Our resident health and fitness expert, Cameron Walsh, say Brent Johnson go down with his groin injury this evening and immediately got an update put together on groin pulls.
(Ed’s note: Walshy saw Brent Johnson go down with his groin injury this evening and immediately got to work on an update for you all. He had hoped that I would be able to post the final three minutes of the second period along with this piece, but I wasn’t able to find it. To give you an idea of what you would have seen: Johnson made a series of great saves including a big pad save in which he had kick his leg out. From that point on you could see him labor a bit. He looked uncomfortable the rest of the way was replaced with Marc Andre Fleury at the start of the third period. – Metz)
By Cameron Walsh
That great kick save Brent Johnson made at the end of the second period may have come at a cost. There is a chance the Penguins could have lost their back up goalie who helped the team get out of it early season slump for up to 3 weeks with a grade 2 tear of his left groin.
Below is a textbook definition of a ‘groin pull’/groin strain:
A ‘groin pull’ (aka groin strain) is often a bruise, stretching, or tearing of muscle fibres which run from the front of the hip bone to the inside of the thigh. These ‘hip-adductor’ muscles, namely the adductor longus, adductor brevis, adductor magnus, gracilis, and pectineus, actively move the thigh toward the centre line of the body (‘adduction’) and also help to control and limit movements of the thigh away from the body’s centre. Thus, the adductor muscles stabilise the hip and leg during all sporting activities which involve running. In some groin pulls, the muscles themselves are okay, but the tendons attaching the muscles to the front of the hip bone are stretched and inflamed. In rare cases, there is an inflammation of the hip bone itself, or even a hair-line fracture of the hip bone. Groin pulls can keep athletes out of action for weeks and even months at a time (‘Pelvis and Sacral Dysfunction in Sports and Exercise’, Phys Med Rehabil Clin N Am, Vol. 11(4), pp. 805-836, November 2000).
Looking from the way Brent Johnson extended to make that great kick save at the end of the second period, he may have moved his leg too far away from his mid line and as he tried to pull his left leg back in so he could stand up, that was when the injury occurred.
Below are the definitions for the different levels of groin injuries:
Some over stretching of the adductor muscles in the upper leg and some micro-tearing of the fibers. May experience:
• tightness in groin area
• ability to walk normally, but aware of discomfort
• minimal swelling
Experienced partial tearing of the groin muscle fibers. May experience:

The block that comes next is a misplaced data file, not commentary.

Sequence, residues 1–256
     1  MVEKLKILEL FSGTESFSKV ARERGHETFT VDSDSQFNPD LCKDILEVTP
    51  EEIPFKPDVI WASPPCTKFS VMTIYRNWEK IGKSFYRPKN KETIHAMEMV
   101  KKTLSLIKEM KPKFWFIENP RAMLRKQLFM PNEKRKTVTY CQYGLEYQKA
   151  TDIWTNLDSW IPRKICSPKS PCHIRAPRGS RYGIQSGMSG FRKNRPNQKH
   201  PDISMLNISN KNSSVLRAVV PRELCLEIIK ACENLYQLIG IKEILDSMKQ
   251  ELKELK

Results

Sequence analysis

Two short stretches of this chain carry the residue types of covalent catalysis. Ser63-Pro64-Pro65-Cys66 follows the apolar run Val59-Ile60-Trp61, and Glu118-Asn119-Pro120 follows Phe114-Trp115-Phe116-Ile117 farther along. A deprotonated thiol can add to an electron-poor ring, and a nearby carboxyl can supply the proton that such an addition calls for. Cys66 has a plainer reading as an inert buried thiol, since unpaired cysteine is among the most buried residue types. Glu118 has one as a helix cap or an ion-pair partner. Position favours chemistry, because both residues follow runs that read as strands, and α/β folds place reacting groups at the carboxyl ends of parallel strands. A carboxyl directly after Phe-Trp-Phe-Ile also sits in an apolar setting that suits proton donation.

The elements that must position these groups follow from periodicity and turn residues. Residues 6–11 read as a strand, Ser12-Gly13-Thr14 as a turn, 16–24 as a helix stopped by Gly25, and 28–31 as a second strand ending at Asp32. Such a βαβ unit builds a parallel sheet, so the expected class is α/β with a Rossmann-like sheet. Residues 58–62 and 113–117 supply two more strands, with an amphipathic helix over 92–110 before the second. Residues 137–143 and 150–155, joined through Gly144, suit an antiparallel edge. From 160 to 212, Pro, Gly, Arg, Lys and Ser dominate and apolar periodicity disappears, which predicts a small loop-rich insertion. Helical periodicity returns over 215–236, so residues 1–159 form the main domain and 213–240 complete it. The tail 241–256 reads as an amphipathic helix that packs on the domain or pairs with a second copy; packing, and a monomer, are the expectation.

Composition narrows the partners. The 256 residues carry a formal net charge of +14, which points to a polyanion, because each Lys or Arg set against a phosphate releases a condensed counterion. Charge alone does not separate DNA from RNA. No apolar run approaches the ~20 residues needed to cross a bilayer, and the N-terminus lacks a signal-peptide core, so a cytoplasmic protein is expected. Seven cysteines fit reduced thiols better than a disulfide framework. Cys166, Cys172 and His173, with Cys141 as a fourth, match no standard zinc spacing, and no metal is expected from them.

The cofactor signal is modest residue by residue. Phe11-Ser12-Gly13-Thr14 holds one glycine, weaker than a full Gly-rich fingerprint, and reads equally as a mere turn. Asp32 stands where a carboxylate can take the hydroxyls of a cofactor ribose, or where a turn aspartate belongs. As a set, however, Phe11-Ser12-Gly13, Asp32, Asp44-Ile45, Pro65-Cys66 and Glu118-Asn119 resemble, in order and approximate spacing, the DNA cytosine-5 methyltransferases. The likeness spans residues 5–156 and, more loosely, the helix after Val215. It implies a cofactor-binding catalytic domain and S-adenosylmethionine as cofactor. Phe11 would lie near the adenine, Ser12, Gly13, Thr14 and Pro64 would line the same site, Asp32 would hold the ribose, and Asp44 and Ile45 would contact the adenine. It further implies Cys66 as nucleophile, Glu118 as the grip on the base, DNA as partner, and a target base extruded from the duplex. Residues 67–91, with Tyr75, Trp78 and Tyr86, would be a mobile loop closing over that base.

• affected walk, including potential for a slight limp
• twinges of pain during activity, especially side to side motion (kind of an important one)
• visible swelling and applying pressure increases pain
• pain when flexing the adductor muscles, especially against resistance (when trying to pull legs in from the side i.e. shuffling across the crease.)
Experienced full tearing of the groin muscle fibers (rupture). May experience:
• severely affected walk, including potential requirement for crutches
• severe, sharp pain, especially when pulling the leg in or moving sideways
• visible and immediate swelling
I think it is safe to say that Johnson does not have a grade 3 tear of the groin more likely to be a level 1 or 2 tear of the groin. Obviously the further down the chain you go the more time Johnson will miss.
Grade 1 will probably have Johnson sidelined for about a week, these are simple bruises of the adductor muscles (or hip bone), with possible a stretched tendon or a few stretched muscle fibers.
Grade 2 will be around 2-3 weeks; these involve stretched tendons, stretched or torn muscle fibers, and often bruising of the hip bone and its muscular attachments.
Grade 3 would be 6-8 weeks normally with the potential to be longer is symptoms do not improve. These are represented by many ruptured muscle fibers, severely stretched tendons, and perhaps separating of a tendon from either its muscle or bony attachment.
I would think that Johnson has a grade 2 tear in his left groin and will be out for around 2-3 weeks. Plus I think they will treat him with kid gloves anyway. It is not like we have peanuts down in Wilkes-Barre Scranton, both Brad Theissen and John Curry have been playing exceptionally well so it will be up to Ray Shero to decide who to call up.